During the June 28 radio show, a woman called in to share her experience visiting what she thought was an abortion clinic. Instead of receiving an abortion, she left with pamphlets on adoption and guilt. The woman eventually found the care she was seeking and left the show with a word of caution against deceit.
Bolaños Perea says she’s seen similar misleading claims on social media through posts mistakenly listing pregnancy crisis centers and even COLOR as abortion clinics. She urges those new to the fight for reproductive rights to go to the pages of organizations that have been in the arena for decades. Not only does COLOR have factually accurate information, but it also promotes what Bolaños Perea calls equitable and culturally responsive care to protect all Coloradans seeking an abortion.
“This isn’t a wake-up call,” she said. “This is just a reaffirmation that we have always been on the chopping block for the justice system, for the criminal [justice] system, for the healthcare system and beyond.”
Bolaños Perea is clear: Even though abortion is protected in Colorado, that doesn’t mean barriers don’t exist. Before the overturning of Roe, COLOR and Cobalt focused on those in abortion deserts like Baca and Gunnison counties. COLOR helped coordinate care, while Cobalt provided funds. Post-Roe, it is expected Colorado will be a solitary oasis in a vast abortion desert. This leads to another popular misconception about abortion access. Even in states where the procedure is legal, practical barriers exist—driving long distances to a clinic, acquiring time off and finding a reliable vehicle.
“Even in states that are considered high access or receiving states like we’ve been called in Colorado, the legality doesn’t mean accessibility,” said Cobalt Abortion Fund Director and Senior Policy Associate Amanda Carlson.
That’s where Cobalt’s Abortion Fund steps in. With the current cost of gas, to drive from Texas can cost $1000. The fund can cover that expense along with a hotel room and pizza.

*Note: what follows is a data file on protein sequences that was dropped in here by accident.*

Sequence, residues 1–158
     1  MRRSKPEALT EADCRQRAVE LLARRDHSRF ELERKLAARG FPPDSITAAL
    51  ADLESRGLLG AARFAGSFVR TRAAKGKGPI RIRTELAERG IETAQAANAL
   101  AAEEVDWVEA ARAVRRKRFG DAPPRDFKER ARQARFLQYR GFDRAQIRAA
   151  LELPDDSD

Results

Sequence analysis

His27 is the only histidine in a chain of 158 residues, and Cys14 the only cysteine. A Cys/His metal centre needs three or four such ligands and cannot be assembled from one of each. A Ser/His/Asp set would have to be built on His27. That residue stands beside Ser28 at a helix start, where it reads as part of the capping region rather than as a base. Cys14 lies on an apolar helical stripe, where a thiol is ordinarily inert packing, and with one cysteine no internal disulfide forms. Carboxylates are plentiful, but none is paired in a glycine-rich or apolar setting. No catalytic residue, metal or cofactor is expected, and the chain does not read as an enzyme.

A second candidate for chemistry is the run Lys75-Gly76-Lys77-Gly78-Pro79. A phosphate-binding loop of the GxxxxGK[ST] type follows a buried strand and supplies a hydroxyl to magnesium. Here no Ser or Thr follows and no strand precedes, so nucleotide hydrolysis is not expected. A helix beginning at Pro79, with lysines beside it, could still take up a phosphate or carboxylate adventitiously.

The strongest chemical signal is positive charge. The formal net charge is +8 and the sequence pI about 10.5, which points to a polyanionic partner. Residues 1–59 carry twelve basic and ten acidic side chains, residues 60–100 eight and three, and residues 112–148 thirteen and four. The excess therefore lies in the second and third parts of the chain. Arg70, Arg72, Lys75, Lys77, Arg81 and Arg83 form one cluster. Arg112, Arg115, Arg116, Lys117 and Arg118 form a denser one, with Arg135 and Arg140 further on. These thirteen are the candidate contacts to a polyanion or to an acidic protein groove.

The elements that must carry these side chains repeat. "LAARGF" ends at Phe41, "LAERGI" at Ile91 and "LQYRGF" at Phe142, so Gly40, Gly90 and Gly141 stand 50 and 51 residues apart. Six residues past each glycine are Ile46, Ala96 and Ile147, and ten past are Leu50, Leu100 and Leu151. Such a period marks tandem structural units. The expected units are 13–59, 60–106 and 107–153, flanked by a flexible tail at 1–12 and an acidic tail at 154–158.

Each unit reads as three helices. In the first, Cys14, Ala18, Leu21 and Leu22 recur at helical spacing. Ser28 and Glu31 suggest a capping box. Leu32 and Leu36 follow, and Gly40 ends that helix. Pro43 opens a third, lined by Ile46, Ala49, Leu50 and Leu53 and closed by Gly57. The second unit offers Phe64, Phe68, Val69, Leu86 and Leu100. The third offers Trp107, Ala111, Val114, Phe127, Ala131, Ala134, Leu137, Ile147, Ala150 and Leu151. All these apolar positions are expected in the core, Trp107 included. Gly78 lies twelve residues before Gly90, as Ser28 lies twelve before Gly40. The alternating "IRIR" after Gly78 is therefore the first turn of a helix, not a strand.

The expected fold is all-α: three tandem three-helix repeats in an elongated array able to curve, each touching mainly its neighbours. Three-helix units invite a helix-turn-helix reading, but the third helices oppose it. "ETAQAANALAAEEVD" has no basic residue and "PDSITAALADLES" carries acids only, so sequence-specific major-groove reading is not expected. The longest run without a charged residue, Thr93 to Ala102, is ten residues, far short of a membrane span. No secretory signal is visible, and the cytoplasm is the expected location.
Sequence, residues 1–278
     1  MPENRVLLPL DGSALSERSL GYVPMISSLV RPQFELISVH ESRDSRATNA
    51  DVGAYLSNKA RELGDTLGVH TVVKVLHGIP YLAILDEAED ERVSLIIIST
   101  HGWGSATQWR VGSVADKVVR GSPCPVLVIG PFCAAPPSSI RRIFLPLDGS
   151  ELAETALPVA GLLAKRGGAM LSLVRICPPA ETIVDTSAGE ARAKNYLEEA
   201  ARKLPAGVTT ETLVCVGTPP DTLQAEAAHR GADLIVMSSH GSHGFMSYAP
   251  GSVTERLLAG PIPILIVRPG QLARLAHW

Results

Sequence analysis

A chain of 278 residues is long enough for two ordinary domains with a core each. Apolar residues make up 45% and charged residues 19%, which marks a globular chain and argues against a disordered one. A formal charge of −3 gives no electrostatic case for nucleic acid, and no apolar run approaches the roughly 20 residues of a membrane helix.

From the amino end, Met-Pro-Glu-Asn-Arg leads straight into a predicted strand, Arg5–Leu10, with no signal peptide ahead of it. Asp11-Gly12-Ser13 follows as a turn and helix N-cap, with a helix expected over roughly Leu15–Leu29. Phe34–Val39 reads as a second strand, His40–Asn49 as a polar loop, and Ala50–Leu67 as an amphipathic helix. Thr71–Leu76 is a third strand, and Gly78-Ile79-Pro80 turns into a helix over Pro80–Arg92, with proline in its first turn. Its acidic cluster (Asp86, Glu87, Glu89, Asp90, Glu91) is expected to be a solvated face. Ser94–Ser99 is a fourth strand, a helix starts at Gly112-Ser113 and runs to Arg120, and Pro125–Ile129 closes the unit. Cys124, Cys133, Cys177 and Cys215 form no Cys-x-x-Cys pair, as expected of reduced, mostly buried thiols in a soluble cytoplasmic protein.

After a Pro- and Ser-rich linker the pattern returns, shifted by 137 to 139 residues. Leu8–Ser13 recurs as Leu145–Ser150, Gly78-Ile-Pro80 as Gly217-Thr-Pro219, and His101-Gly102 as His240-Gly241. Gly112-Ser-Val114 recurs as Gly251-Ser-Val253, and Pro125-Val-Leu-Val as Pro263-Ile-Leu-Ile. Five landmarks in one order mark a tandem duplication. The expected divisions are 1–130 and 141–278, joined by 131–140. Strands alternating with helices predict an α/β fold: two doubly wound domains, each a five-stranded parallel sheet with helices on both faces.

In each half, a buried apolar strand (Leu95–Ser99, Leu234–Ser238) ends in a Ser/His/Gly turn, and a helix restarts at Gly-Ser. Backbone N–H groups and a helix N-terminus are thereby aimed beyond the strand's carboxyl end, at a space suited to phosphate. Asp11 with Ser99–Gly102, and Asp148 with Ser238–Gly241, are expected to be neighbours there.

Additionally, legislative barriers still exist in Colorado: The Colorado Parental Notification Law and a ban on using state funds for abortion care. The former requires that underage people inform their parents if they obtain an abortion; the latter requires those on Medicaid to pay out of pocket for abortions, costing $500-$1000.
Cobalt’s Abortion Fund covers these costs with donations that they say have been pouring in for the last week. While the fund provides financial triage to those seeking sanctuary, Cobalt is looking ahead to the larger war for reproductive rights.
With a gubernatorial race looming in November and a bill to ban abortion in the state up for a vote, they are asking their supporters to be meticulous with the accuracy of the information they share.
“We’ve had a lot of conversations with even people who are with us on the usage of coat hanger imagery because it’s fear-provoking and it’s not helpful,” Carlson said. “I think that education piece is really important, not just on the political side, but making sure people know that they can get pills in the mail in our state. They don’t necessarily need to drive six hours to a clinic.”
“It’s so easy to share that viral tweet,” Lawrence said. “So be really intentional about what you’re resharing and make sure that it’s accurate, especially when you’re talking about anything related to where abortion is or is not legal right now.”
Lawrence urges supporters to not add to the morass of falsities. She thinks outright lies, misinformation and deceit were first used in the abortion debate because the facts prove that abortion is safe and supported by the majority of Americans. Cobalt President Karen Middleton said before Roe was overturned, she was called a “baby murderer” by anti-choice believers. Conversely, she felt gaslit by pro-choice advocates who thought that what was once a right, would always be so. In the last week, she has had one less myth to contend with.
“The myth that I was hearing when I began running this organization back in 2013 was that Roe v. Wade would never go away and we don’t need to worry our pretty little heads,” Middleton said.
To the detriment of millions of people across the country, that myth has been debunked.